A portable pet waste collection and disposal device is disclosed. In one embodiment, the portable device comprises a nested wand, where the nested wand has an actuator, a lower end and an upper end. The nested wand has a normal tendency to fully extend itself upon activation by the actuator during deployment of the portable device. The portable device also comprises a prong unit, where the prong unit has a pair of prongs, a first hinge and a second hinge. The first hinge has a normal tendency to spread the prongs, with the second hinge normally tending to rotate the prong unit away from the lower end of the nested wand. The first hinge and second hinge controllably rotate in substantially perpendicular relation to each other. The portable device further comprises a slider coupled to the prong unit, with the slider controllably causing the second hinge to rotate back toward the lower end when the slider is released by the actuator on the nested wand at a first end. The slider has a retainer bracket at a second end for retaining the spreading of the pair of prongs during deployment of the portable device.
In another embodiment, the portable pet waste collection and disposable device comprises a disposable bag for collecting the pet waste. The disposable bag has a folded rim around its opening for receiving the prongs. The folded rim has a ring spacer at its entry point to help receiving the prongs. The disposable bag also has a drawstring around its opening to controllably tighten its opening upon collection.
A portable pet waste collection and disposal device is described in this application. In the following description, numerous specific details are set forth to provide a full understanding of the present invention. It will be obvious, however, to one ordinarily skilled in the art that the present invention may be practiced without some of these specific details described herein. In other instances, well-known structures have not been shown in detail so as to avoid unnecessarily obscuring the present invention.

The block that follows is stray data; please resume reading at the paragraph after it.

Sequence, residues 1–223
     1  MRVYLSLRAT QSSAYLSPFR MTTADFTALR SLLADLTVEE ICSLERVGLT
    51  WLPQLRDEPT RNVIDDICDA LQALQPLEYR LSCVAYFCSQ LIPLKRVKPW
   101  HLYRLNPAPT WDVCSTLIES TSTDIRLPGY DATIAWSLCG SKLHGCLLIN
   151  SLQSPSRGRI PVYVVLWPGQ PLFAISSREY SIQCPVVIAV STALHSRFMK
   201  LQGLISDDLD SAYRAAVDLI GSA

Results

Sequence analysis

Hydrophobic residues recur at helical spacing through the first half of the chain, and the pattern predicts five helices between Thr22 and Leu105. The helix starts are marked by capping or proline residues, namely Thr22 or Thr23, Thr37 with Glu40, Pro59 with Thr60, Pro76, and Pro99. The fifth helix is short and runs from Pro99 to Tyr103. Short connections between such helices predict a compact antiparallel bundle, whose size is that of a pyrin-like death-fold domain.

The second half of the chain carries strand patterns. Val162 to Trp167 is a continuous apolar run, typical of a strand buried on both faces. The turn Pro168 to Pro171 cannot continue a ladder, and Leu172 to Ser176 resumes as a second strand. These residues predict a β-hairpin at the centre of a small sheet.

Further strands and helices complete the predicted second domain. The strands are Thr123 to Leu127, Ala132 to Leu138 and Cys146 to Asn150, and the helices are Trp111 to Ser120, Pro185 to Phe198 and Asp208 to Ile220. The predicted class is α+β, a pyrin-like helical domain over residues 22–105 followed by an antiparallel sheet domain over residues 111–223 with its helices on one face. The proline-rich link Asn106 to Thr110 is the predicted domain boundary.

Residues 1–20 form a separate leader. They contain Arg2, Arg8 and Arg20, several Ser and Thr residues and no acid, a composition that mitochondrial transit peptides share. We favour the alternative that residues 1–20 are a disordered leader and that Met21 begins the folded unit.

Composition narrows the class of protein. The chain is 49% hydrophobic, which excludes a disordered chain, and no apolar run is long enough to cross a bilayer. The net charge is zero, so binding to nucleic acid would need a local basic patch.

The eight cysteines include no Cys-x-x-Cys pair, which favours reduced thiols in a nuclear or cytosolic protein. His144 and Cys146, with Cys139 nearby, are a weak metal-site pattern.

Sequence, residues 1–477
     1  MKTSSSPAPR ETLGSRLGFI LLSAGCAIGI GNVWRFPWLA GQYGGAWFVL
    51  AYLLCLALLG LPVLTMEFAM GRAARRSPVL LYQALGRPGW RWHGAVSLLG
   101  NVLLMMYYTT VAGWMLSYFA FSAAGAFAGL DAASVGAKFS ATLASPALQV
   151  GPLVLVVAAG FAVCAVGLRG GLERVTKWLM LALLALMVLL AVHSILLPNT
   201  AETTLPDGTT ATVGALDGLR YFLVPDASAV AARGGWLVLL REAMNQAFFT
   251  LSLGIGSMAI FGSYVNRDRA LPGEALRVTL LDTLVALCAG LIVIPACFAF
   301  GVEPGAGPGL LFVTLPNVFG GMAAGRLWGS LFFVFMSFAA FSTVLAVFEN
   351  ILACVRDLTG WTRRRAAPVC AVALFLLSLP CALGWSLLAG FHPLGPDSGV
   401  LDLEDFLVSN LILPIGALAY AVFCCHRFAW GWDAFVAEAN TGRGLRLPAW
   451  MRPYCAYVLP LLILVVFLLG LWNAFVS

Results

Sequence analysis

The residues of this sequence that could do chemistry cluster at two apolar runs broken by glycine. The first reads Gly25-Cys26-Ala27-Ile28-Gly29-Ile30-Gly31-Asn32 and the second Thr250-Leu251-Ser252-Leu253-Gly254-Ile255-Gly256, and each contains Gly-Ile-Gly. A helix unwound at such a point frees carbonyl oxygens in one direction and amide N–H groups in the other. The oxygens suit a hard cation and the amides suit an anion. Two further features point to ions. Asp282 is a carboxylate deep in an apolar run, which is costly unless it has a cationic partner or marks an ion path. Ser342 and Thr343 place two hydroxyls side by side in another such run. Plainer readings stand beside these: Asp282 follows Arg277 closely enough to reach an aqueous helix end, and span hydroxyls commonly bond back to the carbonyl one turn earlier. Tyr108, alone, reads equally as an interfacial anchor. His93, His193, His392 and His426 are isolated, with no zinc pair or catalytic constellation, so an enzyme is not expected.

A description of the present invention is made with a general reference to
The pivot amount 200 is attached to the pivot mount plug 130 through a rod prong pivot, or hinge rod, 131. The pivot mount plug 130 has a pair of opposing rims, which act to provide a pair of rails 135 to guide the rockers movement, by restricting the spreading of the rockers 142 until the rockers 142 clear out of the rails 135. At such point, the rockers 142 can spread out, thus opening the prong stems 110 for deploying a disposable bag (
Referring now to
Referring now to
Referring still to
When the prong mount 140 is retracted by the user's pulling of the slider 120 toward the handle 100, the rockers 142 are forced into a closed position. During retraction, the rockers 142 move from riding on top of the rails 135 to being restricted between the rails 135 of the pivot mount plug 130. During deployment, the rockers 135, due to the unbiased pivoting motion of the pivot mount 200, move from being restricted within the rails 135 to riding on top of the rails 135, with the prongs gradually spreading apart. At this time, the prong retainer 125 on the slider 120 is pulled by the pull strap 150 into position to meet the rockers 142. As can be understood, the angle of the prong stems 110 with respect to the nested wand 101, as well as the angle between the spread-out prong stems 110, can be set based on when the rockers 142 move out of the rails 135 and when the prong retainer 125 of the slider catches rockers 142.